Camaros and Novas suffer from having a short spindle. This prevents the tire from cambering properly when powering through a corner; the top of the tire cambers out for too long before it starts pulling in. In turn, this causes the tire to scrub on the outside instead of running on the complete tire contact patch.

Tall ball joints add spindle height by increasing the distance between the two pivot points. Essentially, they’re a quick way to get ½-inch or so additional spindle height. Taller upper ball joints have no effect upon the ride height of the car; the upper arms are not weight bearing.

On the other hand, a taller spindle has a higher overall height than a factory spindle. This is because the upper ball joint pickup points are relocated in order to achieve better front-end geometry. The taller spindle height improves handling by modifying the camber curve. The end result is a negative camber gain during suspension compression when carving a corner. Some aftermarket spindles (for example, a Belltech) are simply lowered – they’re not taller. You can find taller than stock spindles without any drop or you can get a spindle that is both dropped and tall.

For our purposes, we decided to keep the ball joints and the spindles stock. Classic Industries offers a complete range of high quality replacement upper and lower ball joints for Camaros and Novas. They even have replacement boots for both the uppers and the lowers (conventional or urethane).

For tie rod ends, source new inners and outers; they too are readily available from Classic Industries). To join them, Classic Industries suggested solid tie rod sleeves from the folks at Hotchkiss. The setup from Hotchkiss includes machined hex bodies (so you can easily turn them to adjust toe with a basic open-end wrench) and matching jam nuts. They’re powder coated gloss black too. Installation for the tie rod ends and the Hotchkiss tie rod sleeves are exactly the same as stock too. See the photos for a better look.

Something else the folks from Classic Industries suggested was to consider the replacement of the idler arm and, in high mileage applications, the pitman arm as well. The reason is, these are wear items and if you don't address them, you could be chasing a not-so-tight steering issue. The idler arm is easy to replace (a couple of bolts) while the pitman arm will require a special puller. Classic Industries offers high quality replacement idler arms and a range of pitman arms too. Keep in mind, power steering pitman arms and manual steering pitman arms are different.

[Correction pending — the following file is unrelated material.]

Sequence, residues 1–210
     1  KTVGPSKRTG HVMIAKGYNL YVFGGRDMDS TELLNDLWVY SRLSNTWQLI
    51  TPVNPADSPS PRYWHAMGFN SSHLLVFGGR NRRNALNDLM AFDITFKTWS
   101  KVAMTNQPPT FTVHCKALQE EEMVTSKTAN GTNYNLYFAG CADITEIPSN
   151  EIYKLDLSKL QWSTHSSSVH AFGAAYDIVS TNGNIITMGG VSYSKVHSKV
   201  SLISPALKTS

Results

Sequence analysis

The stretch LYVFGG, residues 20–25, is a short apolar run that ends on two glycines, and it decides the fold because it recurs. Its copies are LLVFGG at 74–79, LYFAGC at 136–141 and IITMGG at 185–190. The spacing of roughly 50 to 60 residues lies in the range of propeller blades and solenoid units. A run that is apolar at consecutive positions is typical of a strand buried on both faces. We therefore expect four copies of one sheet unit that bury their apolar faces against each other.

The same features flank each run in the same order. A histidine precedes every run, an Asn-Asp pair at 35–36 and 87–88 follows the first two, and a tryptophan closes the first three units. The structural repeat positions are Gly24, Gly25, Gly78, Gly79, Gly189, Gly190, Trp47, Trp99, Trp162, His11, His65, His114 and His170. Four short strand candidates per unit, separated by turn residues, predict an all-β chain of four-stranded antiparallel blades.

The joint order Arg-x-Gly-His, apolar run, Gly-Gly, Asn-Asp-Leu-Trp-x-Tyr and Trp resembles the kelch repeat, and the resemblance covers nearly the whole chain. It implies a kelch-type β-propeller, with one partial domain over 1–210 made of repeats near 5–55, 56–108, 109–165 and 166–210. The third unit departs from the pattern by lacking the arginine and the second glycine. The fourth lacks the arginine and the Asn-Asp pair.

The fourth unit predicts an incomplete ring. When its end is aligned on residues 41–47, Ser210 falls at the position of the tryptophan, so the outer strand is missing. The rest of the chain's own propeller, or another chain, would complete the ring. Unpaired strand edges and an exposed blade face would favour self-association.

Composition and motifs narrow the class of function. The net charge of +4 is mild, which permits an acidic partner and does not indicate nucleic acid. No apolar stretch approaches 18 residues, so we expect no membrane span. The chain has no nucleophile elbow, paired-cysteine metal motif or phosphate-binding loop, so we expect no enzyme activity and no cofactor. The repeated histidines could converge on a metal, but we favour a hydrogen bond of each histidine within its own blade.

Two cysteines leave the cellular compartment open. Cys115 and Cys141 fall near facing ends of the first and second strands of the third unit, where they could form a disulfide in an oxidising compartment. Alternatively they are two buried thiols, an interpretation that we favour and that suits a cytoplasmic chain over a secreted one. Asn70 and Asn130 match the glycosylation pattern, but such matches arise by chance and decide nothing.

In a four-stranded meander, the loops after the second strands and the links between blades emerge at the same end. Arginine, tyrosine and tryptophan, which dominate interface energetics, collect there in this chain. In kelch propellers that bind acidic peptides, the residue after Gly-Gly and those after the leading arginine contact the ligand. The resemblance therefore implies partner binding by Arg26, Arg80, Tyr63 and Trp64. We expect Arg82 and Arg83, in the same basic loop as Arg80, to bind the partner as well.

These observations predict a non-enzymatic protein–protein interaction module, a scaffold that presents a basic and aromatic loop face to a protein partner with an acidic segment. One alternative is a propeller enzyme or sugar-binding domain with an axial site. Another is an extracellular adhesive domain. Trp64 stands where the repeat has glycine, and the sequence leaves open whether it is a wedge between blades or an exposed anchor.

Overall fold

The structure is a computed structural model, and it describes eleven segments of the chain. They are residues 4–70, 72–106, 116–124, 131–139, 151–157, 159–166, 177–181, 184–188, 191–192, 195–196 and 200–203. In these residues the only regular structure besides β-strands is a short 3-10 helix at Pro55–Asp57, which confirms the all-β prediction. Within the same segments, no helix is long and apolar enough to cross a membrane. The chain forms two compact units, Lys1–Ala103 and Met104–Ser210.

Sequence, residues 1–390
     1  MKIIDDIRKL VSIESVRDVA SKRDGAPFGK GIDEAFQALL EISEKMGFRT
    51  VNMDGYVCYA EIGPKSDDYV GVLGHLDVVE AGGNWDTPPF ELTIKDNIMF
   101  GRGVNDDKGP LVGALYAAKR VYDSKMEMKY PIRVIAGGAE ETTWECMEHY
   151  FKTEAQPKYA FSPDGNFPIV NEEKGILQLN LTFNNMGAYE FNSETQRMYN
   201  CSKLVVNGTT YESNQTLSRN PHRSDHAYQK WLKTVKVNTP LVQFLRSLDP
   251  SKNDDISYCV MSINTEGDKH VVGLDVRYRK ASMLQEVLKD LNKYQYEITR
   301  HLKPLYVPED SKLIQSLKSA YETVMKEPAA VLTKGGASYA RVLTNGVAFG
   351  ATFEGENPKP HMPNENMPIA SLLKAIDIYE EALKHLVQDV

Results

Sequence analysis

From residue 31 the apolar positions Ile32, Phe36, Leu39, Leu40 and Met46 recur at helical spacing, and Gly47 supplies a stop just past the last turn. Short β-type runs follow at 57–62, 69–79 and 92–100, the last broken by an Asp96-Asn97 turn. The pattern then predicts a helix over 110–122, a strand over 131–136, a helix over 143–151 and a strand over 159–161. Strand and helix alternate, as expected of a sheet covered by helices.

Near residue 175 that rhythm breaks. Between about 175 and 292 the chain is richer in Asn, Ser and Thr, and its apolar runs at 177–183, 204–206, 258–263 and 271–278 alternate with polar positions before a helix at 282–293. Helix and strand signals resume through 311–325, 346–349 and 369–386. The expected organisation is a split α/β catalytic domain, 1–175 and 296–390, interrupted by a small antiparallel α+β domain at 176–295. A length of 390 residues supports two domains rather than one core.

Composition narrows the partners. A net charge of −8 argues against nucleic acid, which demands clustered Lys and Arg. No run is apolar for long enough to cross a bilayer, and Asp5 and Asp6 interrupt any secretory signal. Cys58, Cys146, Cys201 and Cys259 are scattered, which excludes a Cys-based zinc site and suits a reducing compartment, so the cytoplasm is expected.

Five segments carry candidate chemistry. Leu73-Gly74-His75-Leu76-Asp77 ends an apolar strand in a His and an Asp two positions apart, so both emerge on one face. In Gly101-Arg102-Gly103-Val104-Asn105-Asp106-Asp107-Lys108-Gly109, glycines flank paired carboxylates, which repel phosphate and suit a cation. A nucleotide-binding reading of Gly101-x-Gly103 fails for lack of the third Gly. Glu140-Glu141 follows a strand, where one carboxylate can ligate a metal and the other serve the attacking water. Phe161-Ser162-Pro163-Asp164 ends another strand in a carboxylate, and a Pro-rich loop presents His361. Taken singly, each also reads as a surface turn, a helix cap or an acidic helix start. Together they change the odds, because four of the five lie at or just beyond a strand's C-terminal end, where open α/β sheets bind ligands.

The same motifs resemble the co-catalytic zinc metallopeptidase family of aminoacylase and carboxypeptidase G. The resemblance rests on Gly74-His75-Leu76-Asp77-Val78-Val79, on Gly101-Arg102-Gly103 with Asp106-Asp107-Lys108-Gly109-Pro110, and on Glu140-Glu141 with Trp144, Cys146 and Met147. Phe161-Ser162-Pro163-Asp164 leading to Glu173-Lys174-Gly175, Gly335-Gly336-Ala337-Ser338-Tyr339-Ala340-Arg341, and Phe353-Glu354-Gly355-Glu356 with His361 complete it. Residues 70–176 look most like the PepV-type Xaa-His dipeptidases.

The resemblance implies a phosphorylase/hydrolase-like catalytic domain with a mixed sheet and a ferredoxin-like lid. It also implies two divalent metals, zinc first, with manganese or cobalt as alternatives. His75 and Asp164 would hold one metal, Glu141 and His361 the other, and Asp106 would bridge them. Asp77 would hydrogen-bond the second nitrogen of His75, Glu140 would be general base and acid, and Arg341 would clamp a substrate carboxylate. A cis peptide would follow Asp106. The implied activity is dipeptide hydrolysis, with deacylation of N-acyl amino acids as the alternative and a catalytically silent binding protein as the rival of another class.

The final thing you should consider in the front end rehab are fasteners. New hardware isn’t expensive and you have to remember, these cars are in the 50-year-old range. For our purposes, Classic suggested we replace the upper and lower control arm studs, bolts and nuts. Ditto with other small hardware bits as well as complete rear end/spring installation hardware. The parts are readily available and since you already have the major components out, this is the time to swap the fasteners. By the way, the fasteners Classic Industries offers are exactly the same as original. They’re high quality and they fit. See the accompanying photos for more info on hardware.

Next time around, we’ll wrap up our series with some very interesting information on leaf spring bushings. You might be surprised at what you read. Watch for it!

How to Improve Handling in Your Chevy Camaro or Nova Part 4 1

Classic Industries suggests it is a good idea to replace the inner and outer tie rod ends during a rebuild. Many cars have tie rod ends that are well beyond their best-before date! You’d be surprised at how much better the steering feels when these are replaced.

How to Improve Handling in Your Chevy Camaro or Nova Part 4 2

While you’re at it, it’s a good idea to swap out the tie rod sleeves for solid jobs such as these examples from Classic Industries (Hotchkiss parts).

How to Improve Handling in Your Chevy Camaro or Nova Part 4 3

The setup from Hotchkiss includes machined hex bodies (so you can easily turn them to adjust toe with a basic open-end wrench) and matching jam nuts.

How to Improve Handling in Your Chevy Camaro or Nova Part 4 4

Another steering related component Classic suggests you replace is the idler arm. It too is a wear item and can influence the way the car steers.

How to Improve Handling in Your Chevy Camaro or Nova Part 4 5

Finally, consider the pitman arm in your application. If it has wear, replace it. Classic Industries offers several different examples – power steering and manual steering use different pitman arms.

How to Improve Handling in Your Chevy Camaro or Nova Part 4 6

Inexpensive pieces you should consider for your car are new fasteners. Often after years of use, the fasteners are replaced with incorrect items or they’re simply worn out. Fresh hardware isn’t expensive and using it usually makes for less grief during the rehab.

Back to Post

Be the first to comment

Leave a Reply

Your email address will not be published.


*


Copyright © 2005-2019 MH Sub I, LLC dba Internet Brands
All Rights Reserved.